Uniquely Deep

Women in Ministry by: Debra White Smith

When asked why he encouraged women preachers, John Wesley responded, “Because God owns them in the conversion of sinners, and who am I that I should withstand God” (Zechariah Taft. Peterborough: Methodist Publishing House, 1992). The question of ordaining women as pastors, evangelists, and deacons is more a question of biblical scholarship methods than of whether women are ordained. Churches in the John Wesley tradition approach the Word of God with a balanced view that considers all scriptures on all topics. No matter the subject, we don’t isolate one or two key scriptures to prove a limited stance that is created by ignoring any verse(s) that refutes that stance. Scholars call this method of scholarship “proof texting,” and it is an erroneous method of biblical interpretation that creates unbalanced theology and concepts. (Slave owners used the same method of scholarship to prove owning and abusing slaves was God-approved and biblical since the New Testament tells slaves to submit to their masters.) Therefore, when the topic of the ordination of women is approached, we consult all verses that deal with women in ministry and then come to the most logical and balanced conclusions based upon the full body of information found in the Bible—not just one or two verses. Due to this balanced approach to scripture, many Wesleyan-tradition churches have ordained women since their inception. For instance, the Church of the Nazarene has been ordaining women for over 100 years. The first group of Nazarene pastors and evangelists who were ordained in 1908 was one-third women.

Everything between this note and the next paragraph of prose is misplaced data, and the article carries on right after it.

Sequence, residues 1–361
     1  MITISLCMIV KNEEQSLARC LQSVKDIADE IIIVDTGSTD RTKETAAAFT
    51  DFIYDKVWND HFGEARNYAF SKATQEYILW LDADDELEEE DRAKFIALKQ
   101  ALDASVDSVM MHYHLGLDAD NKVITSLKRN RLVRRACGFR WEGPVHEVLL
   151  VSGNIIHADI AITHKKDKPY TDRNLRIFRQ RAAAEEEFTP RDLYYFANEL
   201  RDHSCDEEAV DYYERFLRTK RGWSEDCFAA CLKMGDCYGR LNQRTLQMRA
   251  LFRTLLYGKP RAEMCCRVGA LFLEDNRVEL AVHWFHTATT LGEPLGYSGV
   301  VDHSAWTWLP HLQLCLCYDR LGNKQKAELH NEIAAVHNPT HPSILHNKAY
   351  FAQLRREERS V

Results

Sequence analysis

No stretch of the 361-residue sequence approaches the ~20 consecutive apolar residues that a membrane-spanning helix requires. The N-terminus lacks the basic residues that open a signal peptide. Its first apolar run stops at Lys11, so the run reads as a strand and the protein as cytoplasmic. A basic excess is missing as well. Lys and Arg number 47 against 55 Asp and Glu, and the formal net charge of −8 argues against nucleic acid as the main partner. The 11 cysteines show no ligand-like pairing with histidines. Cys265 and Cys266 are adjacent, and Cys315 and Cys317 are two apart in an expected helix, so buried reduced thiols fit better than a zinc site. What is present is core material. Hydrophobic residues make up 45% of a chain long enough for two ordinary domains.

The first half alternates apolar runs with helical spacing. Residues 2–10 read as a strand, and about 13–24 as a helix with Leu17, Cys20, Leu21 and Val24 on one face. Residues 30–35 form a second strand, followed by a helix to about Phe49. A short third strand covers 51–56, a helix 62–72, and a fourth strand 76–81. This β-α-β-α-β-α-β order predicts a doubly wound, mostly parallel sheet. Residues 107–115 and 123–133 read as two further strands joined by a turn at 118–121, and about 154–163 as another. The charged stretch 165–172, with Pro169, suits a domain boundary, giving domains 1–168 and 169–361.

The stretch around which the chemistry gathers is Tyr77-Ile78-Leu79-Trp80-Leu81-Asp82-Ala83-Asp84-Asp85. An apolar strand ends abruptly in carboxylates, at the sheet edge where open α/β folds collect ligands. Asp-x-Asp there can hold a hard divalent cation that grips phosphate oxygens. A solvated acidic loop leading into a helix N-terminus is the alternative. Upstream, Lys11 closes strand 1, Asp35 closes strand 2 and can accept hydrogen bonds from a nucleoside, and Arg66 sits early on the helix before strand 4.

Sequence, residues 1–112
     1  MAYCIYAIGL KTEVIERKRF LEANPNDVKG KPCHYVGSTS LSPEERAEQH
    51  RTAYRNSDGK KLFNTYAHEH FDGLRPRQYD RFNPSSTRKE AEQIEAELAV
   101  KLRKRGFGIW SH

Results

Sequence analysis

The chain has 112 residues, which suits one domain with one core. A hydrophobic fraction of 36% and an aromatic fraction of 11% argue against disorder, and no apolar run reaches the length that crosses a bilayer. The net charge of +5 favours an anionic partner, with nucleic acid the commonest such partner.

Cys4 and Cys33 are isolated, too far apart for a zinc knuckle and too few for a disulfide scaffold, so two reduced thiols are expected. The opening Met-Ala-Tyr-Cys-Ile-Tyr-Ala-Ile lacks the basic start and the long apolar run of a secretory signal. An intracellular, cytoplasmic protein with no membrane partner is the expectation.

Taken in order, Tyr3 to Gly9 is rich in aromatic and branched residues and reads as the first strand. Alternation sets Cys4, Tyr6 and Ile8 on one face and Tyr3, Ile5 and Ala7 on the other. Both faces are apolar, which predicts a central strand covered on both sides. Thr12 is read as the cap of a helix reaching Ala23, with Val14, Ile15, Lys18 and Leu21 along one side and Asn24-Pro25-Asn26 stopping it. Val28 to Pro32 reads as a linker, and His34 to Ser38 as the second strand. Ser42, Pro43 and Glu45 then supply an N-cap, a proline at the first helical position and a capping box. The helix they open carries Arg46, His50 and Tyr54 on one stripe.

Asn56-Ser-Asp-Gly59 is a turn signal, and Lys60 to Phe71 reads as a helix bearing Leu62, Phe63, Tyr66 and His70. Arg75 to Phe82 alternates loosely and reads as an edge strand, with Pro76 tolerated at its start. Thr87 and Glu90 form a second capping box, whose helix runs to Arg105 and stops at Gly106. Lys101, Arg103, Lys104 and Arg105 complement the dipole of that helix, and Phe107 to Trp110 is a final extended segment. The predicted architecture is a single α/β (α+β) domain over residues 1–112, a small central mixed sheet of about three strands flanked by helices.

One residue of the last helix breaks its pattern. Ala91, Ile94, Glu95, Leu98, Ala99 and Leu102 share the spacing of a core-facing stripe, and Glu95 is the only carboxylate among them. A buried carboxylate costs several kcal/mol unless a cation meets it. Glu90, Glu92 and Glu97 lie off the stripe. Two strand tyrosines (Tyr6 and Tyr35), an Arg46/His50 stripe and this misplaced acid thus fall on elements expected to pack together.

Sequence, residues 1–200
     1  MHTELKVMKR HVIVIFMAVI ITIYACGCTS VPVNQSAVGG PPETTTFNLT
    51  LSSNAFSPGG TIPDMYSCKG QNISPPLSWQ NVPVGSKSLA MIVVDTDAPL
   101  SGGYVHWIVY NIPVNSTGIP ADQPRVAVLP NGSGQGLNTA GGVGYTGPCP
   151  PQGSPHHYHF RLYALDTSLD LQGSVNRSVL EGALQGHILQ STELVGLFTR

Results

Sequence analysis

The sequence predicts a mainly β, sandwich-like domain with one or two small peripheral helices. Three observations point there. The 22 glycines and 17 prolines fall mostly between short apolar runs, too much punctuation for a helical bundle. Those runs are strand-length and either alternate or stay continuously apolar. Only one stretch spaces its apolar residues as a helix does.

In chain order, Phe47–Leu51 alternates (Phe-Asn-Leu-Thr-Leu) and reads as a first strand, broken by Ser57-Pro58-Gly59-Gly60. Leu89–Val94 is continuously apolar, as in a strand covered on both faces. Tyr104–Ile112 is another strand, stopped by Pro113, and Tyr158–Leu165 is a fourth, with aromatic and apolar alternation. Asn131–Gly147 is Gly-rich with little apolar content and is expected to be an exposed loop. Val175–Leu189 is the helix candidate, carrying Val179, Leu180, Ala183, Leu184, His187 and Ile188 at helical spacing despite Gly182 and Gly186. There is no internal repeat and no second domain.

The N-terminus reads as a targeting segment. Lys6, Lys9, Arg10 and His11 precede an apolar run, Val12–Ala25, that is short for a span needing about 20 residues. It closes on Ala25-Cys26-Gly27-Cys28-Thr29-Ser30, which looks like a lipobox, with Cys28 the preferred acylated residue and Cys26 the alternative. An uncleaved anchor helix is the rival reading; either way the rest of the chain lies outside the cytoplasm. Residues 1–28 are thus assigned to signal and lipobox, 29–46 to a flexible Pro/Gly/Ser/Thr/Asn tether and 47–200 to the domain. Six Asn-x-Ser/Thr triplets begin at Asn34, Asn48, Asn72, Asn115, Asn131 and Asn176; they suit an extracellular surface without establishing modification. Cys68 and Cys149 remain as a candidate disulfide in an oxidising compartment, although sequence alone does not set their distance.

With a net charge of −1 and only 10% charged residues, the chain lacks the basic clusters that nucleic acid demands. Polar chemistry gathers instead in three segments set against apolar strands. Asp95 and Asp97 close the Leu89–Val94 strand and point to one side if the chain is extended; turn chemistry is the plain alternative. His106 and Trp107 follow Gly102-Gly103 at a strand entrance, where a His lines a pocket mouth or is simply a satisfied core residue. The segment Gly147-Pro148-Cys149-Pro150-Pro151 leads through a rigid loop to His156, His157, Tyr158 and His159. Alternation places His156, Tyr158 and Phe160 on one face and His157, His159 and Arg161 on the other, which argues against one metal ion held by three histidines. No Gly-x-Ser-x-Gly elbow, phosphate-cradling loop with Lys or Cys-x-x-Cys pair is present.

Paul made a few direct statements against women participating in church life, but he also affirmed women who prophesied and women in church leadership. “A woman should learn in quietness and full submission. I do not permit a woman to teach or to have authority over a man; she must be silent” (1 Tim. 2:11-12). “As in all congregations of the saints, women should remain silent in churches. They are not allowed to speak, but must be in submission, as the Law says. When they want to inquire about something, they should ask their own husbands at home; for it is disgraceful for a woman to speak in church” (1 Cor. 14:33b-35). However, Paul also supported women who weren’t silent in the church and who were prophets (preachers) and teachers. In 1 Cor. 11:5, Paul references women praying and prophesying (preaching) in church. This scripture occurs three chapters before he tells women to be silent. Also, in Romans 16, Paul affirms many women in ministry, including Phoebe, a deacon (v. 1) and Junias (v. 7), a female apostle—the highest office of the First Century church. Given the wide body of biblical evidence in favor of women in ministry, the historic stance of Wesleyan-tradition churches is that either Paul contradicted himself and much of the Bible when he told women not to teach/preach and to be silent, or there was a specific problem in each of these cases that he was dealing with concerning women who were inappropriately out of hand. There are differing theories on the problems Paul was addressing. However, many Wesleyan-tradition scholars believe that Paul was dealing with women who were either disrupting the service in 1 Corinthians and/or being domineering in 1 Timothy and that he was not refuting his other statements or other Scriptures that support women in ministry. For a look at passages that do support women as preachers/prophetesses and/or spiritual leaders see: Exodus 15-20; Judges 4; 2 Kings 22:14; Micah 6:4; Joel 2:28-29; Luke 2:26-38; Acts 2:16-21; Acts 18; Acts 21:9.